What we watched: The Film Beat's winter break
Netflix is an obvious go-to for any holiday movie-watching. But for me, the streaming service had an especially strong draw over winter break. It seemed like whenever I caught up with the latest Netflix release, a new one materialized the next day.
By the time I finally got around to watching “Bird Box,” my Twitter had already been flooded with its reliably funny memes — particularly Sandra Bullock blindfolded on a canoe — so by that point I didn’t so much care about the movie as I did about understanding the source of these quips. The movie itself, well, couldn’t have been much worse. It wasn’t even the best sensory horror creature feature of the year. It was little more than a breathless Bullock doing her best to enliven a laughably dull script.
Another Netflix disappointment was “Bandersnatch.” The latest installment in the “Black Mirror” anthology series is notable for its interactivity, allowing viewers to make decisions on characters’ actions throughout its duration. Naturally, the episode’s myriad outcomes — some far stranger than others — were a magnetic topic of discussion between my friends and me for days. The tediously self-aware experiment felt weighed down and at times just nonsensical.
However, December was not all let-downs for Netflix. Of course, there was “Roma”; though not a Netflix Original, the film was made available for streaming via the service and also released in theatres. Alfonso Cuaron’s evocative remembrance of his Mexico City upbringing immediately became not only one of my favorite films of the year, but some of the best work I have seen from the writer-director. “Roma” is saturated with beauty and meaningful symbolism. It’s Cuaron’s whole heart.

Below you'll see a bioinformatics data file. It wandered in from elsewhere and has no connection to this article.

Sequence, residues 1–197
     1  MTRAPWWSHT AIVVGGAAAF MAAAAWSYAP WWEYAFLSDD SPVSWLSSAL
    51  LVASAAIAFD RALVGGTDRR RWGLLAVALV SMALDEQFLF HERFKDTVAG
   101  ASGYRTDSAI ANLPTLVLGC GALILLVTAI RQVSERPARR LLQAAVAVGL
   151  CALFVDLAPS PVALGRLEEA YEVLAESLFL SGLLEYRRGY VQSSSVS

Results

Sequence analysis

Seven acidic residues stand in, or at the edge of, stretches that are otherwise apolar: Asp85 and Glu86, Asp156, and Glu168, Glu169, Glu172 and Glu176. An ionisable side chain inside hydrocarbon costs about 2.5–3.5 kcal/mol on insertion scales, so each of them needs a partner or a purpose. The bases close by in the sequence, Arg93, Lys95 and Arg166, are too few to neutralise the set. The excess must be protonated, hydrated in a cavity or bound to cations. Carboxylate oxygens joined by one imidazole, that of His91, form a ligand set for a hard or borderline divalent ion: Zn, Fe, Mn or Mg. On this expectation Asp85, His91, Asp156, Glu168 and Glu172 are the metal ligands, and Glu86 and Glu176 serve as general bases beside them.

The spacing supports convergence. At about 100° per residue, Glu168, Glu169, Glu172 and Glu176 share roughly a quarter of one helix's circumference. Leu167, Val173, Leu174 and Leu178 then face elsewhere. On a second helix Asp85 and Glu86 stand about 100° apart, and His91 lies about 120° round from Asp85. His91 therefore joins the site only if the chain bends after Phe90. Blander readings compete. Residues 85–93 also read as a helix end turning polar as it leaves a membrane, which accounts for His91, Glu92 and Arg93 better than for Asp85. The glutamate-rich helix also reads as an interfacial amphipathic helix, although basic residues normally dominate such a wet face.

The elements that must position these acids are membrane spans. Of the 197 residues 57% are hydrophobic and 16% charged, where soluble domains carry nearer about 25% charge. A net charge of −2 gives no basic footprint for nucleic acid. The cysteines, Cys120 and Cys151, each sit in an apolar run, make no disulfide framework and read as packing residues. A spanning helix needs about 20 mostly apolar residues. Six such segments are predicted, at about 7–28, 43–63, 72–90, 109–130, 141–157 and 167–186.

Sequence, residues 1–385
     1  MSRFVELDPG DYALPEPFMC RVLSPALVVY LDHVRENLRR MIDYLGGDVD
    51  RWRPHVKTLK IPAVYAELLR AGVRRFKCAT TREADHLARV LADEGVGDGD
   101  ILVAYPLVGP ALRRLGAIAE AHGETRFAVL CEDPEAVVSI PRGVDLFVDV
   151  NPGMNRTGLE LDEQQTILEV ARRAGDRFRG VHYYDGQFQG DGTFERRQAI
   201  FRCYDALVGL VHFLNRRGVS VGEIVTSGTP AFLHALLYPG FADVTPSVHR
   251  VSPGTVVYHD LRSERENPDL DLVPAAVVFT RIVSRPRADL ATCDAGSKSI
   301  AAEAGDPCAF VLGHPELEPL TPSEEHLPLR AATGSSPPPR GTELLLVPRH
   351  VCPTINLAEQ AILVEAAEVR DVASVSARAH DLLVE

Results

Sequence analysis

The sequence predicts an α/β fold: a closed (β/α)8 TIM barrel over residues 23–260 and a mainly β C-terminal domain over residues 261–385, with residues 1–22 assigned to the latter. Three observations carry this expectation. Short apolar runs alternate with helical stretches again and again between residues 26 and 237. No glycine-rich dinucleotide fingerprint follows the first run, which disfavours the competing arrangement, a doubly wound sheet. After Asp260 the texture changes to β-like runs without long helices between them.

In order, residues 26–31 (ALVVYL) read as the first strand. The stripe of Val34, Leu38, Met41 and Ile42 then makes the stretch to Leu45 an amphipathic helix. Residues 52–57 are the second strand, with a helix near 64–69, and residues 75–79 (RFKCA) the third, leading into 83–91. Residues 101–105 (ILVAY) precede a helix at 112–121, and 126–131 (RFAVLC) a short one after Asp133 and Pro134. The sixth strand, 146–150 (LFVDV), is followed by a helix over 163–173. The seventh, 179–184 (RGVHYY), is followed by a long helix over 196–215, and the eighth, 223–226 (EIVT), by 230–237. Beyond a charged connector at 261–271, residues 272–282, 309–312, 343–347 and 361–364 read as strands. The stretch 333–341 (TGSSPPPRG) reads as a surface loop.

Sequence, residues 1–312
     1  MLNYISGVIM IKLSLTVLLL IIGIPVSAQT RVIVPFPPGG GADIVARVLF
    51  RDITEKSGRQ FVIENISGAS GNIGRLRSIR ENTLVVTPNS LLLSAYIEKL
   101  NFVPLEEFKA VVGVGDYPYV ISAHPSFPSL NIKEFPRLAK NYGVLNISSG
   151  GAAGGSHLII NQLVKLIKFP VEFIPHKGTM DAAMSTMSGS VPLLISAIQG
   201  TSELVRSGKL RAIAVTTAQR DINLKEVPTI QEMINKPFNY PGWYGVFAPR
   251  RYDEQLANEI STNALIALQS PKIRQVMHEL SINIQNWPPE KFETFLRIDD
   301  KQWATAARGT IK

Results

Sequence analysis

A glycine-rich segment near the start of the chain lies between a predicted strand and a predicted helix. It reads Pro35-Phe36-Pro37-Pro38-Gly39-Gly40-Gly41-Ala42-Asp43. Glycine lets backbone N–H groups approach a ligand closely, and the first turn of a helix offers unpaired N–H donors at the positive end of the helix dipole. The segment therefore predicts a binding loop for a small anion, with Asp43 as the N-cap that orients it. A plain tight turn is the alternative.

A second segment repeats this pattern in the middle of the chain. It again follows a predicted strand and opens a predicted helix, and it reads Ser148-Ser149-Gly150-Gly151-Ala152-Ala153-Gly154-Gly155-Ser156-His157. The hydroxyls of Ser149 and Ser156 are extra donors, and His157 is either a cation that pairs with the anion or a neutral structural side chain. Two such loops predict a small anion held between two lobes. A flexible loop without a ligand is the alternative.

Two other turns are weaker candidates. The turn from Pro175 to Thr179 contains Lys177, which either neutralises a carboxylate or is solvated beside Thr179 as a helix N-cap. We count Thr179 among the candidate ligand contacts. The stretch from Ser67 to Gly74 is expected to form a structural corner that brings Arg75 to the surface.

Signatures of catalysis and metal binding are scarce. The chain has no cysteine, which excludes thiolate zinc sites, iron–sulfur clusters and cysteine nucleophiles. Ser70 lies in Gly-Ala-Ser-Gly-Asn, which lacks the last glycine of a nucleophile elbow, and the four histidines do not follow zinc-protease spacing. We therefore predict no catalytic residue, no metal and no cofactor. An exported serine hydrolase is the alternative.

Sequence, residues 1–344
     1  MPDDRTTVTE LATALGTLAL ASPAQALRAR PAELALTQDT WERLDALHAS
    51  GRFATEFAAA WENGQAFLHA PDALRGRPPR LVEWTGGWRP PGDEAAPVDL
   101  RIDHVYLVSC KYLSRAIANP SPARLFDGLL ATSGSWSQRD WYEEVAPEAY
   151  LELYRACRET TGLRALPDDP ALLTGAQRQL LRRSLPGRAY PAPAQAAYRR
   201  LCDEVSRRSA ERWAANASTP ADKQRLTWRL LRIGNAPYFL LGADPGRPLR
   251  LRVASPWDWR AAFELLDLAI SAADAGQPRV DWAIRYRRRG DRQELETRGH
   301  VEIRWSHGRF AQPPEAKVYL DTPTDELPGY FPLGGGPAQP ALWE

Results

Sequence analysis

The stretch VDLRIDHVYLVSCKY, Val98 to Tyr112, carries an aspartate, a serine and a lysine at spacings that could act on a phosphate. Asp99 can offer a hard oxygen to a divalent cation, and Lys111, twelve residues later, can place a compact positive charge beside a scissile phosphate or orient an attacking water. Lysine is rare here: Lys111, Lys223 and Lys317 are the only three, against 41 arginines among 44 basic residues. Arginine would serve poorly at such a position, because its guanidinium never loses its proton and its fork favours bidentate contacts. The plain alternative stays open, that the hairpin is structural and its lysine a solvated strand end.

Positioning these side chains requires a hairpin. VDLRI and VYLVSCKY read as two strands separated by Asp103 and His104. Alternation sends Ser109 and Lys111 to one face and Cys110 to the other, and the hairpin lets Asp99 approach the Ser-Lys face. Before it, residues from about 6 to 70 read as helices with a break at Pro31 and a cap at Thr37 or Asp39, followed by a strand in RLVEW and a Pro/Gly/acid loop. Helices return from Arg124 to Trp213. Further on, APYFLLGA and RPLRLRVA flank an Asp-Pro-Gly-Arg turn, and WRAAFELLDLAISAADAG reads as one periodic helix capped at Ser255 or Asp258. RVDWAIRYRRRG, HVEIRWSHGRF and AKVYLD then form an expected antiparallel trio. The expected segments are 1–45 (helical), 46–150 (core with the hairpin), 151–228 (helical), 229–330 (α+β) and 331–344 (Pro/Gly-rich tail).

Break also provided ample time to rewatch a throng of other films, often with friends and family. Some highlights include “Rounders” (the best poker movie of all time), starring vintage Matt Damon and Ed Norton, “Harry Potter and the Prisoner of Azkaban,” another masterpiece of Cuaron’s and “School of Rock,” arguably one of the most quotable films ever.
Anish Tamhaney, Daily Arts Writer
Winter break is a time for recharging, relaxing, and for me, re-watching. Over the break, I re-watched several of my favorite films, from classics to guilty pleasures. Christmas came and went, and with it two beloved holiday rom-coms: “The Holiday” and “Love, Actually.” They are the kind of movies that make your insides feel like a nice hot cocoa, warm and sweet. One reminds you that romance is possible. The other that Jude Law is sexy.
To balance out the gushiness, I had to take some drastic measures. You guessed it: thriller time. Whenever I get dreary with the state of rom-coms, I like to drown myself in morgue-porn thrillers as a reminder that life is not only full of love, but also murder. I re-watched one of my favorites, “The Silence of the Lambs,” while practicing my Jodie Foster impression (it needs work). And I have to say, after seeing the film over 15 times, it really never gets old — does it, Clarice? I took on Alfred Hitchcock’s “Psycho” for the second time and I will not deny that Anthony Perkins as Norman Bates is a snack and a half. So if you thought Penn Badgley’s Joe Goldberg in “You” was the first psychotic hottie, you are sorely mistaken.
To end the break on a high note, I spent the last few days re-watching a selection of my favorite comedies. After missing out on his one-man show on Broadway (“The New One”), I watched Mike Birbiglia’s ode to improv, “Don’t Think Twice.” It was the first time I’ve seen it since becoming an improviser myself and I must say, it hit much closer to home this time around. It is a heartfelt look at success and friendship, and the improv — even if it is scripted — is pretty great. Finally, I re-watched my absolute, all-time, number one, favorite McFavorite film, “Clueless.” I knew every burn, bang and bruise in the 1995 classic way before Iggy got biggy in her “Fancy” video or Dove Cameron starred in the off-Broadway musical of the same name.
Becky Portman, Daily Arts Writer